Protectionism has been on the rise among both emerging and developed markets ever since the financial crisis. Countries around the world have unleashed tariffs, quotas and other restrictive trade policies in their efforts to boost their own economies.
In a new report, Societe Generale’s Patrick Legland points out that G8 economies accounted for 30% of all protectionist measures announced in the last 12 months. They were also the main targets of such measures, according to Centre for Economic Policy Research (CEPR).
Protectionist measures are often met with retaliation in the form of more protectionist measures.
All of this is bad news for the global economy, which is struggling to maintain growth.
Recently, the European Commission tossed anti-dumping duties on Chinese solar panels. Not long after, China said it could levy taxes on luxury car imports. Considering the weakness in Europe’s auto market — sales fell to a 20-year low in May — this raised concerns for Germany.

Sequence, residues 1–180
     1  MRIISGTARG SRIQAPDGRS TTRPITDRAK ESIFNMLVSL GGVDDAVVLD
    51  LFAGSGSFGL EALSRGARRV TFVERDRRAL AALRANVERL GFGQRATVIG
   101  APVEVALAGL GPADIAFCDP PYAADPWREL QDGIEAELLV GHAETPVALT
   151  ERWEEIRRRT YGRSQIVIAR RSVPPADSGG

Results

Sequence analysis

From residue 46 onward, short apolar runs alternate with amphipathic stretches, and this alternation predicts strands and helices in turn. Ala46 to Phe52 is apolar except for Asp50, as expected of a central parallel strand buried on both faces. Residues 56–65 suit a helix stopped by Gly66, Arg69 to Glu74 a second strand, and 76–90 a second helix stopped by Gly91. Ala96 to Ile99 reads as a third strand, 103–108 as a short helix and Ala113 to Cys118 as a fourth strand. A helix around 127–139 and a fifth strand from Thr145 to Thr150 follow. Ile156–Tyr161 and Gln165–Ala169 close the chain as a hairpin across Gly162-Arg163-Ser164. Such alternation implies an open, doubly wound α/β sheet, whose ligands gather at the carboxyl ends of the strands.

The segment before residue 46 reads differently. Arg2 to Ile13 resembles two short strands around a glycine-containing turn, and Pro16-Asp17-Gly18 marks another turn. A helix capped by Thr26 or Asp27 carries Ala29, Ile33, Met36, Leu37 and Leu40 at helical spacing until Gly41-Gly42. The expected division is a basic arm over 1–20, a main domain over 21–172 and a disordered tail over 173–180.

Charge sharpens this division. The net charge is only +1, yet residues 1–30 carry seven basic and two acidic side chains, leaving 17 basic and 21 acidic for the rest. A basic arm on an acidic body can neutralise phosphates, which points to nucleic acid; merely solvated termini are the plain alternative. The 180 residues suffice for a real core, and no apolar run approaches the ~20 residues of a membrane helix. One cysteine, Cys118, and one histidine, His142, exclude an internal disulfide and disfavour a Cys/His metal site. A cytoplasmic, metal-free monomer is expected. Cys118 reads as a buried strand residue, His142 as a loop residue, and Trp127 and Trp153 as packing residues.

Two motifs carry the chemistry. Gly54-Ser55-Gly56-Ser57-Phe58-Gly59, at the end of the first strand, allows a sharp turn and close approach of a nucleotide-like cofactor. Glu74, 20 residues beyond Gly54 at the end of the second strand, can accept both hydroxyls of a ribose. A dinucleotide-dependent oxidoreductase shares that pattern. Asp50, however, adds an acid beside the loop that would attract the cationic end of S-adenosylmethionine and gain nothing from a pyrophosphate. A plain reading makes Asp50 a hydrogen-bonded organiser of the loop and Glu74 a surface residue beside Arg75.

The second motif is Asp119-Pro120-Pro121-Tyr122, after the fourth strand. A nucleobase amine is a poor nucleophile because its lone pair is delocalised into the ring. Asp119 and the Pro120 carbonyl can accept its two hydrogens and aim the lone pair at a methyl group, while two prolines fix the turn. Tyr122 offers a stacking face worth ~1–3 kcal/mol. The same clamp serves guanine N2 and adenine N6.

“As protectionism was one of the key factors that aggravated the 1929 crisis, the recent return of beggar-thy-neighbour policies could hamper the fragile recovery in world economies. Thus, with the end of cheap money from the Fed, one of the major threats for global growth now stems from the rise in protectionism. Moreover, the international spillover from unconventional monetary policies could increase this risk in the future.”
The concern is that with global central banks preparing to wind down their easy money policies, the next shock could come from global trade and protectionism.
“…Global growth (and employment) is highly correlated with international trade. In the EU, which suffers from a high unemployment level, world trade represents 30 million jobs, according to the European Commission (EC). Given the persistent trade slowdown since the crisis and its impact on global growth, the G8 summit put the issue back in focus last week, with the launch of negotiations for a transatlantic trade agreement between the US and Europe.”
Here’s a chart from Societe Generale that shows an estimate of new protectionist measures implemented each quarter:
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